(By Matt Konopka) It wasn’t too long ago that horror fans received the stunning news that our beloved Suspiria (1977) would be receiving the (inevitable) remake treatment. You can take our Prom Night and our When a Stranger Calls, but you may never take our Suspiria! But they did, and this past weekend saw the limited release of the update. Fans, including myself, have considered the original Suspiria to not only be a great horror film, but a masterpiece. So, did its modern sister live up to the pedigree?...
…Based on the film from Italian horror master Dario Argento (Tenebrae), this new Suspiria is directed by Luca Guadagnino (Call Me by Your Name) and written by David Kajganich (The Terror TV series). The film follows Susie (Dakota Johnson), an American girl who travels across the world to become part of a world-renowned dance company where she will be taught by her idol, Madame Blanc (Tilda Swinton). Soon though, she, along with her fellow dancers, begin to learn that everything is not as it seems, and that the company may in fact be run by witches with a sinister purpose.
This film is going to disappoint a lot of people. But it’s also going to blow a lot of audiences away. And that’s exactly how it should be with a remake. While Suspiria is not my favorite Argento film (that honor goes to Tenebrae), I have always held the film in a high regard, because when I was younger, this was one of the films that changed the way I look at horror movies. They weren’t just fun, guilty pleasures that I loved. They were art. Through his use of just about every color in the rainbow, Argento made a film that was, on one hand, a violent gore fest, and on the other, a beautiful depiction of death the way only a genius could see it. Many filmmakers have tried to copy Argento’s style in this film, and all have failed. Director Luca Guadagnino knows that, and has taken an intelligent approach to the source material in a way that has allowed him to create his own artistic masterpiece without trying to replicate its source material.
This is not your parents’ Suspiria film. Where the original was a celebration of death through color, this remake is about rebirth through pain and punishment, represented by a dark, drab setting. Very rarely is it not raining outside, and much of the set design emanates in harsh tones of red, brown, and grey. Kajganich litters the script with characters reflective of the dreary tone. Dakota Johnson is utterly captivating as our heroine Susie, a young woman escaping a tortured past with no idea where she is going, but full of every ounce of will she needs to be able to sacrifice in order to get there. You also have Tilda Swinton’s character, Blanc, a surprisingly cautious witch dealing with the misery of the route her coven has taken, and Dr. Josef Klemperer (also brilliantly played by Swinton), an old man struggling with the loss of his wife years ago, attempting to occupy himself with anything to escape the pain of not knowing what happened to her, in this case, by trying to uncover the mysteries at the dance company.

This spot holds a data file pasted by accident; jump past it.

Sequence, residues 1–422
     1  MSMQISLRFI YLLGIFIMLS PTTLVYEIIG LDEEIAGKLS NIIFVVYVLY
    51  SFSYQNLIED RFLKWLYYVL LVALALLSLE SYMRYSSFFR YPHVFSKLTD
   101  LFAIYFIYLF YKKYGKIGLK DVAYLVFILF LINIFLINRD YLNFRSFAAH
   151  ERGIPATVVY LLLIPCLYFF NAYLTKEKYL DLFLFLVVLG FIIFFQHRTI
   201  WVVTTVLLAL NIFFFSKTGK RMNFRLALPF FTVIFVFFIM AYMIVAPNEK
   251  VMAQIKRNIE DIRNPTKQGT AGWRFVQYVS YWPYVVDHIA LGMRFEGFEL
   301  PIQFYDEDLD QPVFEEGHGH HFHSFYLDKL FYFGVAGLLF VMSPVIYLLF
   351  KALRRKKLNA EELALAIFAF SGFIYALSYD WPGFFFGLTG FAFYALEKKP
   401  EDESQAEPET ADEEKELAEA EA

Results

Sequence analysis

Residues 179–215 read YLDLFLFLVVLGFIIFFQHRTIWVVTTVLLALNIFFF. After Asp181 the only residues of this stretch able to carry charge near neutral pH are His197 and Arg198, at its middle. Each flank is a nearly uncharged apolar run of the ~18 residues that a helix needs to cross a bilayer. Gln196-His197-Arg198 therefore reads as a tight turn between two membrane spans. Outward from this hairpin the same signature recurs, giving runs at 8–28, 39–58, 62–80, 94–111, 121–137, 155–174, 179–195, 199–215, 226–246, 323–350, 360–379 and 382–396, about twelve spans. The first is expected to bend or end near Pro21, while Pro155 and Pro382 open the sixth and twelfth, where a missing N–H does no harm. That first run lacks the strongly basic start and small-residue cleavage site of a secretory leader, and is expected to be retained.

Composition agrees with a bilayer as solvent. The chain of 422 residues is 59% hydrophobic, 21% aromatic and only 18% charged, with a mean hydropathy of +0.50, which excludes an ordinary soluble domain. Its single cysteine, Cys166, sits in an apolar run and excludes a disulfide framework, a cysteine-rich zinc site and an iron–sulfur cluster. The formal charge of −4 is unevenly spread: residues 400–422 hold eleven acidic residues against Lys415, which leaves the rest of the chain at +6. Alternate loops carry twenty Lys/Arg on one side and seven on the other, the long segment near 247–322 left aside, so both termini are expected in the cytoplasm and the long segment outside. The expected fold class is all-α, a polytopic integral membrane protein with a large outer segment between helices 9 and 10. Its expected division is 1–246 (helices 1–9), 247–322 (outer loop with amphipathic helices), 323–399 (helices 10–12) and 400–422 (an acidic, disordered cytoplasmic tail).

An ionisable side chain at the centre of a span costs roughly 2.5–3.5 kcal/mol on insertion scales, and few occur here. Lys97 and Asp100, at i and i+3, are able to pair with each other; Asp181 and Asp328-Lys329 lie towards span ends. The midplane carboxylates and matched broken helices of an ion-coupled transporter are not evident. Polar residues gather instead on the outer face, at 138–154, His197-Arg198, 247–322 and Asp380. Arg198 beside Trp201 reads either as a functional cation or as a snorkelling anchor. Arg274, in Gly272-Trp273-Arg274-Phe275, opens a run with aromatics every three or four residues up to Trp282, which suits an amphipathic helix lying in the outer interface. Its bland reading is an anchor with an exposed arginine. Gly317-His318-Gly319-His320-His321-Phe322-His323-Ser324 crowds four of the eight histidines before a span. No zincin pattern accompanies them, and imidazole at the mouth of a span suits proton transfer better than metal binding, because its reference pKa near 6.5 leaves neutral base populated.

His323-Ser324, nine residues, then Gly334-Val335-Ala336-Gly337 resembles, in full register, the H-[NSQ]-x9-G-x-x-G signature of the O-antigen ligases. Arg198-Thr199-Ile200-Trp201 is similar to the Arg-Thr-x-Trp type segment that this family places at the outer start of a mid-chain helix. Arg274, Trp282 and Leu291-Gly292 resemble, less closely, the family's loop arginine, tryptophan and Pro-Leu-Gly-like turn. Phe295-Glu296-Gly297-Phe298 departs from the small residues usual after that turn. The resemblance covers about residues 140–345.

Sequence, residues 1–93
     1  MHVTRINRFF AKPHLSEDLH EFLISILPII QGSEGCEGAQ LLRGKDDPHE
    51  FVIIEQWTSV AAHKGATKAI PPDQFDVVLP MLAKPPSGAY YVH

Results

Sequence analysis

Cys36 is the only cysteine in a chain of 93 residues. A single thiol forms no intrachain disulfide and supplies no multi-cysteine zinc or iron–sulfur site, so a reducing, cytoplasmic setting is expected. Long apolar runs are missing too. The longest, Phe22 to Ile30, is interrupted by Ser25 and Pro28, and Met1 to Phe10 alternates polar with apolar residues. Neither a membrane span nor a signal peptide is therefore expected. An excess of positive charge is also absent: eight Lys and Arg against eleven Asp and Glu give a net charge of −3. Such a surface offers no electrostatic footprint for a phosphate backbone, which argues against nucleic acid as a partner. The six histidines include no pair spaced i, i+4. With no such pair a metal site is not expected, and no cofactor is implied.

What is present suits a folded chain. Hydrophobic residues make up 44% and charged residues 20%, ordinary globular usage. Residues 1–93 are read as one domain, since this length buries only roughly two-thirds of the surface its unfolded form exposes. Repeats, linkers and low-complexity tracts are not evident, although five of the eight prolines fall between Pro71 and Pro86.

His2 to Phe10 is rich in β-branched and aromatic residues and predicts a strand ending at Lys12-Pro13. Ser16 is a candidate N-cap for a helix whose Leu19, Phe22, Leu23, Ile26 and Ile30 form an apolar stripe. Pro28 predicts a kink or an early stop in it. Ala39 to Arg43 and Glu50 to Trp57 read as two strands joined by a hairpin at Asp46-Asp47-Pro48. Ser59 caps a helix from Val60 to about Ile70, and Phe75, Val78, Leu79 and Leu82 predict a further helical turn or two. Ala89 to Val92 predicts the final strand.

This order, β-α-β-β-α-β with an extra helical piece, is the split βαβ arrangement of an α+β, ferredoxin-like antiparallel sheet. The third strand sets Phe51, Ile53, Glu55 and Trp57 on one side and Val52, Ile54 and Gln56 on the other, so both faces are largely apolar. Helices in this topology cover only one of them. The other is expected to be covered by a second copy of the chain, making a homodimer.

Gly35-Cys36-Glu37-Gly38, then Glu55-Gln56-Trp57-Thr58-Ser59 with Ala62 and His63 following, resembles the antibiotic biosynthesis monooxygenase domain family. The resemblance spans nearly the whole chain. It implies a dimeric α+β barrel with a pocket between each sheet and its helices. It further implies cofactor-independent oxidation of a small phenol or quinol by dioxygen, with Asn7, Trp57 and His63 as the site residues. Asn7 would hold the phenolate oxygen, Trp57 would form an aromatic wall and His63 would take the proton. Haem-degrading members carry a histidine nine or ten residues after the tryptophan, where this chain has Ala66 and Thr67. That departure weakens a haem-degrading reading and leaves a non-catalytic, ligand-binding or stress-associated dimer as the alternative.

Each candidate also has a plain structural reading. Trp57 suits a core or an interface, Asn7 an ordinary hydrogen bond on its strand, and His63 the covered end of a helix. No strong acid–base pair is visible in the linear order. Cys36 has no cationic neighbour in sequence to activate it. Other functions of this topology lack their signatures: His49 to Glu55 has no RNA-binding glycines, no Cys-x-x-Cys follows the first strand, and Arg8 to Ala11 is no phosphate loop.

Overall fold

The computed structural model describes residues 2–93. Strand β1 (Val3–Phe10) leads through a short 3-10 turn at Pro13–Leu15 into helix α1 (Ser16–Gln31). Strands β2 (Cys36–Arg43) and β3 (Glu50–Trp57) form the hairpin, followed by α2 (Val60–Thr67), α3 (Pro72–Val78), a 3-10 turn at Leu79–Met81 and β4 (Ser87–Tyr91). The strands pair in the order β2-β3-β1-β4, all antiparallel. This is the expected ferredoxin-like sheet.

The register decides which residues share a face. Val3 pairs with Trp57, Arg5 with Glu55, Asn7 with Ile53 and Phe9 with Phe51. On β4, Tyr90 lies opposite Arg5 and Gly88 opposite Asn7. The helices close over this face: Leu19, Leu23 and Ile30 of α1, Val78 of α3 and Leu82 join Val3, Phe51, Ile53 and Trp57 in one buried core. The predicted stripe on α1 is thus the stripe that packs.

The deep-seeded torment which each of the characters goes through in the film hit me in a way that is completely absent from Argento’s original. Even Chloe Grace Moretz making a brief appearance as Patricia is wonderfully uncomfortable to watch in her display of fear and paranoia early on in the film. Guadagnino and Kajganich have brought a depth to this version, giving us characters who we deeply care about, that are engaging and likeable in such a way that my body tensed up every time I thought something might happen to them. The performances are so good in this film, that I could easily hand a Best Supporting Actress Oscar to Tilda Swinton right now and feel great about it, and she isn’t even the scene-stealing star of the show. That goes to Johnson who, hopefully between this and her role in Bad Times at the El Royale, can finally silence her critics and prove her range goes far beyond films like Fifty Shades of Grey. Johnson is a force of fucking mother nature in Suspiria. The way she moves, speaks, and expresses herself through her eyes, it’s like being entranced by a dance version of a siren song. Come awards season, if Johnson isn’t nominated, Hollywood has failed. Mark my words, she will be.